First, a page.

16 November 2008

Grateful for America


<----(Aren't you grateful these Insurgents aren't walking down your street?) When I envisioned my blog last Spring, I didn't really know what would become of it. Now, on my 41st entry, I realize that there is a lot of American pride enshrouding many entries. This week, my American feelings have been steered toward gratitude for a mostly peaceful country with a well established democracy. My favorite lunchtime activity during the school year is to go pick up The New York Times and read it while munching on my highly predictable and tasty lunch. This week I have been acutely affected by the fighting going on in Congo and Somalia. Both of those African nations are without a respectable government currently, and both are being subjugated by rebel leaders. In Congo, it's the Tutsi rebels led by Laurent Nkunda who are leading an uncontested march through the country. The Congolese army is virtually helpless, and hundreds of thousands of these poor African people are forced to leave their already dilapadated homes and travel to shabby shacks set up by the U.N.- hungry, cold, and wet. Along with the fighting comes rape and pillage. It is just so terrible. Fortunatley, Nkunda agreed to a cease-fire this week with the Congolese governemnt. In Somalia, it's Islamist Insurgents that are taking advantage of the anarchy so prevalent in the coastal country. This last week the insurgents took over Merka, Somalia, without even firing a shot because the national army had fled the night before. This particular group has been dubbed terrorists by the Bush Administration who helped knock them out of power in 2006. But they are back at it, stronger than before. However, there is a twist to the story. According to some Somalians, the Islamic rule administered by these insurgents is significantly better than having virtually no government at all. At least with a rebel government there is order, unity, and greater peace than when competing groups are fighting for power. Again, there is constant warfare among our African brothers and it just tears me apart. I am grateful beyond comprehension to have been born in America with a democratic government and safety. I have food, shelter, clothing and fuel, which is four more things than those poor Africans have. Please, never forget how lucky we are to live in America. If you are interested in the problems going on in Africa, here are two well written and informative articles on Congo and Somalia.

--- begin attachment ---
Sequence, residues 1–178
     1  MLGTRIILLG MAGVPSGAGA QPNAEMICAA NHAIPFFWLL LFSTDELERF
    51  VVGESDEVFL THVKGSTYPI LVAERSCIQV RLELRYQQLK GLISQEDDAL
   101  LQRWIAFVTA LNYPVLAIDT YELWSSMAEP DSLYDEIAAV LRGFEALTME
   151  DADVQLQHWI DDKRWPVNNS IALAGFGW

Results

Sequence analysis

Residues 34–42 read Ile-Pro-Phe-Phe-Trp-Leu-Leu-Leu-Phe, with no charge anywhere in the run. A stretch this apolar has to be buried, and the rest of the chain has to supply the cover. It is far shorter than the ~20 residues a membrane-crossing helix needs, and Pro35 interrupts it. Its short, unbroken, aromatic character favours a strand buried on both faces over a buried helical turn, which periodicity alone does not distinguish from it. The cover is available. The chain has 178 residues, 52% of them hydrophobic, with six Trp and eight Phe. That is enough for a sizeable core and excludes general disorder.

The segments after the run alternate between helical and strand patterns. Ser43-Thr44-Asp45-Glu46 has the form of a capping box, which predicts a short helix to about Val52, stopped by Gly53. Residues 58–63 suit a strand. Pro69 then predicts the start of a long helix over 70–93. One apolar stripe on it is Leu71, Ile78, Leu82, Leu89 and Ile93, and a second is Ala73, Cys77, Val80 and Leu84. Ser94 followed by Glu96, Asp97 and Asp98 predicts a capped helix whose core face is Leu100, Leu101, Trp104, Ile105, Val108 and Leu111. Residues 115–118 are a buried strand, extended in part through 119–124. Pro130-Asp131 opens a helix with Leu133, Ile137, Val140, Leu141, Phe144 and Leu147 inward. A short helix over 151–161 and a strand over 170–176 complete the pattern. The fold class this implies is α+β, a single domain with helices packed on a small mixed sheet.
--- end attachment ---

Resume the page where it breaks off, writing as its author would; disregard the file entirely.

1 comment:

justpulse said...

Oh Dave, I completely echo this! I've been recently very grateful to live in America. There's plenty of evil here, but there's still enough good to give our country a completely different feel than other countries. I've visited some places that just feel so bereft of faith and Godliness. I look at all the terrible things you mention and just feel so sick inside. It's true -- these are our brothers and sisters. It almost feels unfair being happy when I know how much others suffer daily. Great post.